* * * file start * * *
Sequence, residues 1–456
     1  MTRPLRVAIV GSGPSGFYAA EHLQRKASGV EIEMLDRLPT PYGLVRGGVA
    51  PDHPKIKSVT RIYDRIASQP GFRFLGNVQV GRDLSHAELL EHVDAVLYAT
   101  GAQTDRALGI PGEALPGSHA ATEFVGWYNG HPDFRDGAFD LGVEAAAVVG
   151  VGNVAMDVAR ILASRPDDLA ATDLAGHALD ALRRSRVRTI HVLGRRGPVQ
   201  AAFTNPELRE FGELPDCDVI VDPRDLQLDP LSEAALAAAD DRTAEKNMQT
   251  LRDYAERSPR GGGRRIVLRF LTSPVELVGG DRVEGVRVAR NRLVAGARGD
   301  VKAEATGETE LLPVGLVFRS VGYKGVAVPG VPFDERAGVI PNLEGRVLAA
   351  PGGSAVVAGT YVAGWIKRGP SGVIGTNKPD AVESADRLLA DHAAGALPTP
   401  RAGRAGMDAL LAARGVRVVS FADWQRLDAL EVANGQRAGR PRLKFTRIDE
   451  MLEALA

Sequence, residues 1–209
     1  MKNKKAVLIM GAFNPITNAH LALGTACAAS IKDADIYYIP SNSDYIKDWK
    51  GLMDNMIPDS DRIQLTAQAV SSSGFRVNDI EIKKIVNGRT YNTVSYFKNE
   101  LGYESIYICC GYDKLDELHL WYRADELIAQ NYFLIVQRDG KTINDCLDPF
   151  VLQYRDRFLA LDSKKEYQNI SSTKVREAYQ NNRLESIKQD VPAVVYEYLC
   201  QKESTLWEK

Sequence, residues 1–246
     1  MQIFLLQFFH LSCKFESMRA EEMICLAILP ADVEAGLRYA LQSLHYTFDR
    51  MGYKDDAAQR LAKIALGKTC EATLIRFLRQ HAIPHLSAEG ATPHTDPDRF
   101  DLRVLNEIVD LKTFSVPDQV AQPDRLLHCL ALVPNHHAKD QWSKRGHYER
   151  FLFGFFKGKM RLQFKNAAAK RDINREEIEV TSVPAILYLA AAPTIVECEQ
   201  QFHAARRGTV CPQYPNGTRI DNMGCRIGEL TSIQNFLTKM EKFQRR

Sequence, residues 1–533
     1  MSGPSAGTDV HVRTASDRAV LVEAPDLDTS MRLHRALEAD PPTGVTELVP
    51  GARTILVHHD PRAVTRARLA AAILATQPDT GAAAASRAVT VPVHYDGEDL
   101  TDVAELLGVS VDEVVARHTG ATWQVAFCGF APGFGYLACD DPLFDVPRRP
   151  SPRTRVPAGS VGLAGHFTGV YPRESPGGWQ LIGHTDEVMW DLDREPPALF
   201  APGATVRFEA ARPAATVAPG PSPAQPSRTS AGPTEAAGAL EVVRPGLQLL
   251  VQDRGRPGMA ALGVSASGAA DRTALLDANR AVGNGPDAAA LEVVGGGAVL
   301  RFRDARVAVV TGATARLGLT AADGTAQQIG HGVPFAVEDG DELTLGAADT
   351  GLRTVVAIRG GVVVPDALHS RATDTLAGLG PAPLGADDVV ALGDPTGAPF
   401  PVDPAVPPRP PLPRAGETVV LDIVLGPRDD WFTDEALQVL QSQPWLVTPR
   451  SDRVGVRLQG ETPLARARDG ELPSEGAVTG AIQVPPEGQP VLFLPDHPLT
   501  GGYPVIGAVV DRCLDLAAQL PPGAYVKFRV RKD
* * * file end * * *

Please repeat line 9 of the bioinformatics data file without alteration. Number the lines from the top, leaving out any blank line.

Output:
   351  PGGSAVVAGT YVAGWIKRGP SGVIGTNKPD AVESADRLLA DHAAGALPTP